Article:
The fountain of youth is not the be-all and end-all

Last week, Campaign announced its latest 40 Over 40 list to tip our hat to hard work and experience and challenge the industry’s obsession with youth.

Hi! I’m Alison, the new U.S. editor of Campaign. Welcome to my weekly blog, where I cover what’s happening now and what’s next in advertising, media and creativity in our hyper-connected, remote-first world.

The advertising industry is stubborn in its obsession with youth.

On its surface, this fixation makes sense. Younger generations are always ahead of culture, so brands run after them to stay relevant and interesting. Plus, young people are still growing into their spending power, they’re extraordinarily digitally savvy, and their creativity is tailor-made for our social-first world.

But I would argue that legacy is more relevant now than ever.

Ruth Bader Ginbserg came into her fame as a pop culture icon in her 80s. The progressive pedigree she built through decades as a lawyer, activist and Supreme Court justice led to her eternal enshrinement as “The Notorious RBG,” an enduring inspiration for today’s youth. (I mean really, is there anyone more badass than RBG?)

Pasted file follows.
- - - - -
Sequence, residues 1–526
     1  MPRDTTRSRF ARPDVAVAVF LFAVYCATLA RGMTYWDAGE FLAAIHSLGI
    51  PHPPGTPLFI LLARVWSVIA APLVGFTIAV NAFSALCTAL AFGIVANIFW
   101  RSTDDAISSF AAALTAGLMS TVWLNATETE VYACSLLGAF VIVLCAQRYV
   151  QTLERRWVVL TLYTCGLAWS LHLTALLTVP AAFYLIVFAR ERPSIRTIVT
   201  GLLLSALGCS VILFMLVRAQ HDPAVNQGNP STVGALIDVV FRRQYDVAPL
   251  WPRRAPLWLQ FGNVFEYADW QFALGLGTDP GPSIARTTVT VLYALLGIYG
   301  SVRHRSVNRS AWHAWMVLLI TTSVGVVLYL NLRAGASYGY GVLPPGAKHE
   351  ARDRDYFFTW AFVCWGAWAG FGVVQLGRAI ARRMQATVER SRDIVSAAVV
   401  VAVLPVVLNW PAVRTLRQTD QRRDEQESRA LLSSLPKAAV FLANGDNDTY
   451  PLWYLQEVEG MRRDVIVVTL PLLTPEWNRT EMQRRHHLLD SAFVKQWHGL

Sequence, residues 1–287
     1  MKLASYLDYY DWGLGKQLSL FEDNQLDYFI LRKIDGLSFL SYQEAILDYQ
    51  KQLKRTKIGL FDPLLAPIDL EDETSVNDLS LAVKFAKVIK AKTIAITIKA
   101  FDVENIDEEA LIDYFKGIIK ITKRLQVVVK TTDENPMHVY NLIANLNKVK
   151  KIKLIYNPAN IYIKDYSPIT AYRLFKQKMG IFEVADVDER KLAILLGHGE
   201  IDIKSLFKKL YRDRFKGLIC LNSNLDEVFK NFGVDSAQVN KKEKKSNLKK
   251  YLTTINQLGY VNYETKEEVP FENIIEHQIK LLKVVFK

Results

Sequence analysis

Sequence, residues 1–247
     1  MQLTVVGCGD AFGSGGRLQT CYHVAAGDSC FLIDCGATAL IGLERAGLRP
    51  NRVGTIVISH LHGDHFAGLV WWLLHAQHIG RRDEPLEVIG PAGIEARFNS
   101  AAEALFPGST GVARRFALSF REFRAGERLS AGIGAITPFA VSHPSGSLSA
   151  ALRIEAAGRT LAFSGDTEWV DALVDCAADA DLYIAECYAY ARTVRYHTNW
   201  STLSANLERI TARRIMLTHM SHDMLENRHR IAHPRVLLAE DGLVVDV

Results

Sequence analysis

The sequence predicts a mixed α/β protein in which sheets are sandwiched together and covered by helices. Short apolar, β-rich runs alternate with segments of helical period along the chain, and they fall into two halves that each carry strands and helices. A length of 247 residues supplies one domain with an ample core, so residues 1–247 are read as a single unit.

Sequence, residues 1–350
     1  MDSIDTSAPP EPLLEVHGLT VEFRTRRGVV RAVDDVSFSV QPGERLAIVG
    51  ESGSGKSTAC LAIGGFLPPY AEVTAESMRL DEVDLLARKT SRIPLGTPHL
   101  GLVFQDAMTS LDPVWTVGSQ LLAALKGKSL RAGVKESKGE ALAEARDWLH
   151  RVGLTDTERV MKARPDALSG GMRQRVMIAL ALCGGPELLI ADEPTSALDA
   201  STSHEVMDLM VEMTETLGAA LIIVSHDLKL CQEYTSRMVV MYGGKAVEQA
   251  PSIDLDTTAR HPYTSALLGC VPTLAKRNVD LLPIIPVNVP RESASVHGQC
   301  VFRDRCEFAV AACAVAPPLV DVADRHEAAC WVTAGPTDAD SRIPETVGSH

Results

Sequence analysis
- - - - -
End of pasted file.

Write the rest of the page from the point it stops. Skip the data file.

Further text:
RBG taught us so many things, but one lesson the industry can heed is that it obsesses over youth at its own risk. Marketers need to keep up with what’s current, but experience, dedication and impact can be infinitely more relevant than the next flash in the pan. 

And senior talent is absolutely critical to running a successful business.

So rather than add to the sky-high pile of “30 Under 30” lists out there, Campaign chooses instead to celebrate experience. Last week, we unveiled our class of 2020 40 Over 40 honorees to recognize leaders who have spent their careers shaping culture and building this industry into what it is today. These people often don’t get the recognition they deserve.

From adland legends like Chuck McBride to Droga5’s Susie Nam and Walton Isaacson’s Christine Villanueva, there are endless creative stars still burning bright at senior levels in their careers. 

This all may sound trite coming from someone who was born in the ‘90s (gasp!). But I owe my career to the guidance of very talented and experienced people. So cheers to hard work and dedication, and to brilliant, hard-working people of all ages.

Until next week,



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